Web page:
A study published online in the journal CANCER highlights factors that lead to racial disparities in deaths following prostate cancer surgery.

In this study, researchers assessed 432,640 white, 63,602 Black, 8,990 AAPI, and 21,458 Hispanic patients who underwent prostate removal between 2001 and 2014. The median follow-up time was 5.5 years, and the 5-year survival rates were 96.2 percent, 94.9 percent, 96.8 percent, and 96.5 percent for whites, Blacks, AAPIs, and Hispanics, respectively.

According to the results, Blacks had a 51% higher death rate than whites, while AAPIs and Hispanics had 22% and 6% lower rates, respectively. They noted that education, median household income, and insurance status contributed the most to racial disparities. For example, if Blacks and whites had similar education levels, median household income, and insurance status, the survival disparity would decrease from 51 percent to 30 percent.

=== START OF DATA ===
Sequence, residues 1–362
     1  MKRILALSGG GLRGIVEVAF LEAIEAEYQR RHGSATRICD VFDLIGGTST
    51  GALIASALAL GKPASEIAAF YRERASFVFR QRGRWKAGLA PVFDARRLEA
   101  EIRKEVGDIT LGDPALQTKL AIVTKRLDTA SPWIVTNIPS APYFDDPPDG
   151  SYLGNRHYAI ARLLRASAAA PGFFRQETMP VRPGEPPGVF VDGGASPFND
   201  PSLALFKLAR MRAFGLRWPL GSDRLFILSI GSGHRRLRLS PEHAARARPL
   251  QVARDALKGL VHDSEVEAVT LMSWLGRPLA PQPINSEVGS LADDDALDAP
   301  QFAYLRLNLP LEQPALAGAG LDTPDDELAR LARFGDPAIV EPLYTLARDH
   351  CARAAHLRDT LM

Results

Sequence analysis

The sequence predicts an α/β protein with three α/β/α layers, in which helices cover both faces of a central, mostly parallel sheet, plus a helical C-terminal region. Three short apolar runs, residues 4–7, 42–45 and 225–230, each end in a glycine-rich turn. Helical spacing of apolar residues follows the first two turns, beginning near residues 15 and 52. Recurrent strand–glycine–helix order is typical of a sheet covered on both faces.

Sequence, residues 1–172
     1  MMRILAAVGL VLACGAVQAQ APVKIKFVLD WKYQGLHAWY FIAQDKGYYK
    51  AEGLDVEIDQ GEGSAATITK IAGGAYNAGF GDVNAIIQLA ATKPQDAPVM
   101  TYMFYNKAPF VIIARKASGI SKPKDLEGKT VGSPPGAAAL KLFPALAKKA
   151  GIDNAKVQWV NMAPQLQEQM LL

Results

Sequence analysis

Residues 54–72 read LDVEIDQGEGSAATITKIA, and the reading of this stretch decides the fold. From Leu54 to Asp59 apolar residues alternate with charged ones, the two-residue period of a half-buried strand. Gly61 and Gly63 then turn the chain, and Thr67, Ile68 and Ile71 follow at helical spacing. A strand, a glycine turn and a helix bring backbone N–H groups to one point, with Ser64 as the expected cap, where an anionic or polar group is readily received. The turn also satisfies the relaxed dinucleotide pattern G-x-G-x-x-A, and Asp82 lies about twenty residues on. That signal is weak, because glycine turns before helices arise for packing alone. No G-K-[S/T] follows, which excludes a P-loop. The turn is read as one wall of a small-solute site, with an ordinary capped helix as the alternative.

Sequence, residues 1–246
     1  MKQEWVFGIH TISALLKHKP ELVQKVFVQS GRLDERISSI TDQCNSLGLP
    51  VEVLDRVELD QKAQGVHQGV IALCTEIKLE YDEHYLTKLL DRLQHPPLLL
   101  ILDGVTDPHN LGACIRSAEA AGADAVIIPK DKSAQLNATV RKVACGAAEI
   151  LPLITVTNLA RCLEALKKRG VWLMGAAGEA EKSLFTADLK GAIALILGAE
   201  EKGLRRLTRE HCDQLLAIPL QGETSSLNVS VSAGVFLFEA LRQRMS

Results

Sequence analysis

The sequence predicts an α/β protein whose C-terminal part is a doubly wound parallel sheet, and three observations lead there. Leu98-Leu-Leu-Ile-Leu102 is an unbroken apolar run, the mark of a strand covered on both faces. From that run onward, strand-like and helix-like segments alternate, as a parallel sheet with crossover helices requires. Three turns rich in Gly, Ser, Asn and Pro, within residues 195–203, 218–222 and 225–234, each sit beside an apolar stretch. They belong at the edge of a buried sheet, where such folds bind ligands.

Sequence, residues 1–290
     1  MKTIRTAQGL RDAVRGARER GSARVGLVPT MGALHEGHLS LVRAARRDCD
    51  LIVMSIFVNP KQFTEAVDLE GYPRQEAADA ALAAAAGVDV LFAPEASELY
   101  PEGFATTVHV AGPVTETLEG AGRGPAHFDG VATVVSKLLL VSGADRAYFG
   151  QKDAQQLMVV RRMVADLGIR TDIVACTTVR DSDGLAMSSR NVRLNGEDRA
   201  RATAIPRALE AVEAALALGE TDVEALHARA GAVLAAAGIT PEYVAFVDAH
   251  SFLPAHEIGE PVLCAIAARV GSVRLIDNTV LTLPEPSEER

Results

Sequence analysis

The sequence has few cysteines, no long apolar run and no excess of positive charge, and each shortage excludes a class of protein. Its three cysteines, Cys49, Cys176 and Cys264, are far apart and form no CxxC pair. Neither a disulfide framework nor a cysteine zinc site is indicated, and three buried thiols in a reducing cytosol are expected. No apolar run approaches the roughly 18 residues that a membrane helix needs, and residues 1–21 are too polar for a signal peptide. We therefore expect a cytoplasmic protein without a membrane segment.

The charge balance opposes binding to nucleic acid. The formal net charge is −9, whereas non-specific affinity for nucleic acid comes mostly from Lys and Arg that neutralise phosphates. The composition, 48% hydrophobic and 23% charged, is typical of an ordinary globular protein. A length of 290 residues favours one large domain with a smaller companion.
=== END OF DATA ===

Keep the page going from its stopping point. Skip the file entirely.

“Socioeconomic status and insurance status are all changeable factors. Unfortunately, the socioeconomic status inequality in the United States has continued to increase over the past decades,” said Wanqing Wen, MD, MPH, of Vanderbilt University School of Medicine via a press release. “We hope our study findings can enhance public awareness that the racial survival difference, particularly between Black and white prostate patients, can be narrowed by erasing the racial inequities in socioeconomic status and health care. Effectively disseminating our findings to the public and policy makers is an important step towards this goal.”

Credit: Original article published here.